An account of its inception, progress,
principles and failures, and its
lessons for present day


The Preparation of these papers, both in their original form as a series of articles in a periodical no longer published, Serving and Waiting, and in re-editing and adding more and later material for book publication, has been to me a definite labor of love. That the movement some of whose history I have endeavored to trace out has been, and still is, a very definite work of the Spirit of God, though like all other testimonies committed to man, seriously marred by the failing human element, is my sincere conviction.

I have been importuned by many persons to put these papers in permanent form, but for a number of years have refrained from doing this for I was not clear as to whether the doing so would be for the glory of God and the blessing of souls or not. But after much exercise of heart, considerable prayer for guidance, and consultation with leading men among the assemblies of brethren who have encouraged me to accede to this request, I have gone over the original papers, endeavored to correct any inaccuracies, and added much additional material.

The question has been raised as to whether the story of the divisions among the brethren is profitable, and some have suggested it would be kinder to eliminate this part of the story and tell only the other side. This does not seem to me to be right. Common honesty I feel would compel one to set forth the whole truth, so far as possible, in connection with the movement, hoping that the portion relating to strife and dissension might prove to be salutary reading for the brethren themselves, and give warning and instruction to other Christian groups that they may avoid the rocks which proved so disastrous to what was evidently a marked work of God.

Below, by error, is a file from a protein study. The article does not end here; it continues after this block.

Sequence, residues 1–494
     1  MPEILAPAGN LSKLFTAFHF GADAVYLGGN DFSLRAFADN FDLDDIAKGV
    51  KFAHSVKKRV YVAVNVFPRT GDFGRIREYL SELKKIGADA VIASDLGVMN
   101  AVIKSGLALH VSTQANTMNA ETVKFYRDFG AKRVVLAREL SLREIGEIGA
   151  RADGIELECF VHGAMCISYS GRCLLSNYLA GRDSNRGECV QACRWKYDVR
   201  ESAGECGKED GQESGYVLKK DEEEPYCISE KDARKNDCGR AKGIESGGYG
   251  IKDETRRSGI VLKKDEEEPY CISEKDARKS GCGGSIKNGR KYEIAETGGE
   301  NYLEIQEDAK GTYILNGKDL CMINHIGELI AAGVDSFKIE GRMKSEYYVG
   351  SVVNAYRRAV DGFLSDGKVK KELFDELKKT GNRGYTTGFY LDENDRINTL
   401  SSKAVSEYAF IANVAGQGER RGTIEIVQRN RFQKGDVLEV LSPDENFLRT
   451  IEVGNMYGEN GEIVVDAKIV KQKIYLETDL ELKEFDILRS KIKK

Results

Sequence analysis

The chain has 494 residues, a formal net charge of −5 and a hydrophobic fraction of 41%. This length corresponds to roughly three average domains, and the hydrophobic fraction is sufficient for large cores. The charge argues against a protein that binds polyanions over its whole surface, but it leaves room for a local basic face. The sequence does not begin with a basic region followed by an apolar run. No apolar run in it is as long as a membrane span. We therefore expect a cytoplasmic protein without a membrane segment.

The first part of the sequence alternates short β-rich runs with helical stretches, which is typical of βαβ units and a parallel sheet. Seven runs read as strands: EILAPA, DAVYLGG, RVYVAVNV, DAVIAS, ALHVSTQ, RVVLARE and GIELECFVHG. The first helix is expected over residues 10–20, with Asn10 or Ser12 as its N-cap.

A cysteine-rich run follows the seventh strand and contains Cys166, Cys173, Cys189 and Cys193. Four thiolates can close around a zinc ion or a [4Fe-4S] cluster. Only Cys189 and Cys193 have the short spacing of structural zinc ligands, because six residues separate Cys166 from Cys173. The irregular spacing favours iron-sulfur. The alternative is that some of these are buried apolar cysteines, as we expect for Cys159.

I do not pretend to infallibility in discussing the many questions involved. I have had to depend on much ephemeral pamphlet literature. Many of the booklets contradicted one another and it has been difficult to ferret out the exact facts. But after conferring with many older brethren, numbers of whom are now with Christ, I believe I have been enabled to give a fair and straightforward account of what is here recorded.

During the past twelve years I have been pastor of the Moody Memorial Church of Chicago, an independent church standing very largely for the very truths which the brethren love and from which Dwight L. Moody profited so definitely. This has, in measure, cut me off from that full communion with assemblies of brethren which I enjoyed for years, but has in no sense lessened my love and respect for them.

H. A. Ironside

Chicago, ill.
August, 1941